3. I absolutely agree with you here! I am almost a grown girl who is making many important life choices right now. I can start learning to drive, I can start determining the direction in which I want my future to go and I can absolutely decide what I can and can’t read for myself. You go for making this post, it makes me feel better since I tend to feel uncomfortable about telling people I am a teenager because I worry they’ll judge my choice of books. Love this post!


  4. I totally agree with you, Ava. Why shouldn’t we read a genre literally WRITTEN FOR US? Or whatever we know we can handle? I’m not going to keep reading a book if it makes me feel uncomfortable. Adults and older teens can really misunderstand YA a lot of the time, as well as not get that YA readers are generally more mature than they know. We are not bubble people. It’s awful that you keep getting told what you can/can’t read.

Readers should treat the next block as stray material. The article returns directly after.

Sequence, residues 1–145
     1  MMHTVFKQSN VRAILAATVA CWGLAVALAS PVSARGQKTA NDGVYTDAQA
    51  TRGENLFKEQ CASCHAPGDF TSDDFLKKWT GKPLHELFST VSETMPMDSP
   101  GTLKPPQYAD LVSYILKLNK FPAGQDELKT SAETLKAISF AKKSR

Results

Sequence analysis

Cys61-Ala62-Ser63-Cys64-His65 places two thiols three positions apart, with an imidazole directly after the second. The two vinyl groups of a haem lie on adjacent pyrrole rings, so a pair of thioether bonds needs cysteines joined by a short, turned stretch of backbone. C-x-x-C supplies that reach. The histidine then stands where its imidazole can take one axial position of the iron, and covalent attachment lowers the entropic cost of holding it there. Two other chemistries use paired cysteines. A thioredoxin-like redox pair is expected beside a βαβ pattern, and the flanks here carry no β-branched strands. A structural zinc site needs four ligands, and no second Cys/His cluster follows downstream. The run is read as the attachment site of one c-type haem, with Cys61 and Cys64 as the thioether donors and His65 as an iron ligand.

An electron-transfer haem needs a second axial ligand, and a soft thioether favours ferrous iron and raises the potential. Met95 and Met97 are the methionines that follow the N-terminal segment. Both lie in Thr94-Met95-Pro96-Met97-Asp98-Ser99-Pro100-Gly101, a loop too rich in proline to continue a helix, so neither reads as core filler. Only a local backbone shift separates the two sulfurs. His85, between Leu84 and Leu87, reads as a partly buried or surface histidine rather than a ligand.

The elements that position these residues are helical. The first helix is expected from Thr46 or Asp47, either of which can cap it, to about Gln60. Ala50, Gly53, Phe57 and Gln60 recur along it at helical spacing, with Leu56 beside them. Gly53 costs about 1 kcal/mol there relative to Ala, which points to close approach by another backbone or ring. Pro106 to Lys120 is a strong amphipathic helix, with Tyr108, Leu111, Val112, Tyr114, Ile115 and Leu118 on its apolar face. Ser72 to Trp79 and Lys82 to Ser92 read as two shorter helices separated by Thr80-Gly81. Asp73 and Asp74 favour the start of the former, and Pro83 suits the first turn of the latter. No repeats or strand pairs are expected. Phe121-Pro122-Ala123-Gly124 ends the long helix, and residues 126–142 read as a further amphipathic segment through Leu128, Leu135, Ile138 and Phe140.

5. Oh you’re not overreacting! I TOTALLY agree with you! I’m really sick of people telling others what they should/should-not read. Like what makes them think they know us?!?? Plus, what’s even more ridiculous, is these people assume that EVERYONE is at the same reading level. That everyone is the same. This is absurd! Why can’t we appreciate that different people want/handle/need different things?!?
    I had a rant not so long ago over an article telling adults to stop reading YA. Ugh, such rubbish. LET PEOPLE READ WHAT THEY WANT.
    As a 15yo…I was reading Roald Dahl.😂 So I fully admit that I wasn’t particularly “advanced” in my reading tastes or anything. And you know what? That’s 100% fine! I think it’s brilliant that there are books out there to suit everyone. :’)